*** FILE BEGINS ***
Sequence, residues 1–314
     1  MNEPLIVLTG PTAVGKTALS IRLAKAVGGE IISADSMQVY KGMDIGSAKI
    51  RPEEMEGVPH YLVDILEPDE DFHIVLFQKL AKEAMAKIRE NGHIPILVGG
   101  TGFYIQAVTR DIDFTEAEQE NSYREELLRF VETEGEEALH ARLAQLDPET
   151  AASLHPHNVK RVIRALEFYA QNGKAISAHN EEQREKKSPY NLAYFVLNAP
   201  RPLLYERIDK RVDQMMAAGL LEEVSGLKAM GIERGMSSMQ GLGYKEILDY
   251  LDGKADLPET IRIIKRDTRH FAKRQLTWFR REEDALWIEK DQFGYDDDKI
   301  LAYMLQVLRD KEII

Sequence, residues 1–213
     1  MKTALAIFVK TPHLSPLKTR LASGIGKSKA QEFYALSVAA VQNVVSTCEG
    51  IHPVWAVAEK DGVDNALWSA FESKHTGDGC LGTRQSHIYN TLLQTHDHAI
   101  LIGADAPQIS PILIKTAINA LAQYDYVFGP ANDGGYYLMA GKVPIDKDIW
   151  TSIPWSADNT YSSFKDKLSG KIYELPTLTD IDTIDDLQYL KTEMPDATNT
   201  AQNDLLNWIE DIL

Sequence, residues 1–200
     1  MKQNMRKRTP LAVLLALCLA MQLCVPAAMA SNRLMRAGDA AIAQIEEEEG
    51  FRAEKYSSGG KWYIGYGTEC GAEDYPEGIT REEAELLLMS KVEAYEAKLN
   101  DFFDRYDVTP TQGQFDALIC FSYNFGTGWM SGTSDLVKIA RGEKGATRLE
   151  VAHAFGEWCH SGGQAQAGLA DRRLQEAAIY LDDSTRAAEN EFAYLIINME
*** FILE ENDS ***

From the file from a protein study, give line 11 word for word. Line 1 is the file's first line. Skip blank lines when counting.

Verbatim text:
    51  IHPVWAVAEK DGVDNALWSA FESKHTGDGC LGTRQSHIYN TLLQTHDHAI